Tuesday, May 08, 2012

Castaway Dreams now on sale!

It's release day for the ebook edition of Castaway Dreams, with the print and Kindle editions to follow later this month. It's been a long road for me to get this book written, because the heroine, Daphne, is so unlike me.  She's sweet and giggles and thinks everybody is her friend. Me, I'm much more like the curmudgeonly hero, Alexander.  There would be times when I'd be writing Castaway Dreams, Daphne would say something sarcastic, and I'd have to mentally slap myself and say, "No, Darlene's the sarcastic one. Daphne's sweet."

I did promise myself my next heroine would be a sarcastic, snarky, annoying person.  Much easier for me to relate to and to write.  You'll meet Lydia Burke, governess to piratical offspring in [working title] The Hot Pirate's Secret Baby.  In the meantime, download Daphne and Alexander (and Pompom's) tale in Castaway Dreams and enjoy a trip to an island paradise.  Here's an excerpt:

CASTAWAY DREAMS
Darlene Marshall



"I do have a useful skill, Dr. Murray."

He looked at her.

"I am quite talented at picking out just the right hat or gloves to complement an ensemble."

She smiled, waiting for his praise.

"Miss Farnham, I would hardly term that a useful skill."

"Oh, but I beg to differ, sir. Knowing which accessories make an outfit complete is what makes us civilized, and attractive to look upon."

He found his mouth opening to argue this and then shut it. What was the point? But now, with her mind engaged, she was prepared to defend her claim. She came closer then and lightly laid her lilac-gloved hand on his arm.

"What is life without some color, some entertainment, Doctor? Should our days only be filled with work and useful functions? What of..." She thought for a moment, and since he suspected this was a rare event, he did not interrupt her. "Butterflies! Butterflies spend their days flitting from flower to flower, Doctor. They live to entertain."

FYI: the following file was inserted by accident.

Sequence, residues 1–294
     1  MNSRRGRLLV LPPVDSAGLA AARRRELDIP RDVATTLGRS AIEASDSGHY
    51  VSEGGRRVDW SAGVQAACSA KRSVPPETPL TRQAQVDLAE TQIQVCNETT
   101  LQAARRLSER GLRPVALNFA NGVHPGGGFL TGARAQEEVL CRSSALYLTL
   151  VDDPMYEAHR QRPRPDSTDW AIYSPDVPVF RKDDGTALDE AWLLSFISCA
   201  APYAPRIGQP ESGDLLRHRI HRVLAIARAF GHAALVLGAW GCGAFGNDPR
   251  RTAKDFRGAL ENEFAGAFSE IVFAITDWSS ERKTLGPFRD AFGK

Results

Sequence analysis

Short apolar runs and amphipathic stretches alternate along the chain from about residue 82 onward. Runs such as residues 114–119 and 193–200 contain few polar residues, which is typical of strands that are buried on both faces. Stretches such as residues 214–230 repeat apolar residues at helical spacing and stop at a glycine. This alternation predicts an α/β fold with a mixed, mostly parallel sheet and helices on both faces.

"You are mistaken, Miss Farnham. Butterflies are useful creatures, as are other members of the Lepidoptera family. Butterflies and moths spread pollen amongst plants. Even the ugliest and plainest moth can do that job, just as a butterfly does. They also make a meal for birds."

"My dear Dr. Murray! Do you see butterflies floating through a meadow on a summer morning and only think of them as food for larger creatures?"

He would have told her how long it had been since he'd seen a summer meadow, with or without butterflies adorning it, but he was too aware of the feel of her hand on his arm. She was not applying any pressure at all, but it drew his senses. That butterfly touch, even muted by her gloves and his coat, made him aware of how alien she truly was, how soft and clean and fragrant, so different from the men with whom he spent his days and his nights.

"Miss Daphne Farnham!"

Mrs. Cowper's grating voice broke his concentration, and he looked up from the soft lips of his interlocutor to see her chaperone bearing down on them like a ship of the line. Even in the near dark he saw how pale the older woman's face was. She was also short of breath, but given her size that was to be expected. One could not haul that much weight up and down between decks without strain.

"Mrs. Cowper, are you well?"

She looked at him disdainfully.

"I am well enough, Mr. Murray! I just need to sit down and drink my cordial to feel tip-top again. As for you, miss, you should not be out here. What would your father say?"

Bertha Cowper's jowly cheeks were aquiver with indignation, and small wisps of hair that had dared to escape her tightly pulled bun were sticking to the sweat pouring down her forehead. He started to speak again, but she was still going on.

"And if I need medical attention, I will wait until we are in England and I will consult a proper physician." She punctuated this by grabbing Miss Farnham by the arm in a grip that made Alexander wince for the young woman's sake, and pulled her charge behind her, still talking.

"You should not be speaking to the likes of Mr. Murray, Miss Farnham. He's only a ship's surgeon. You are in enough trouble, young lady, you do not need to be looking for more..."

"But the sailors call him doctor, Mrs. Cowper."

"They are common, and ignorant. You are above him in station and it will not help your reputation to be seen spending time with him or with the other riff-raff aboard this vessel!"

But then an odd thing happened. Even as she was being hauled away, Miss Farnham turned. She smiled at Alexander, a smile of such surpassing sweetness he was struck dumb by the gesture. He could see all too clearly now how even a reasonable man could lose his composure over a cloth-headed young lady.



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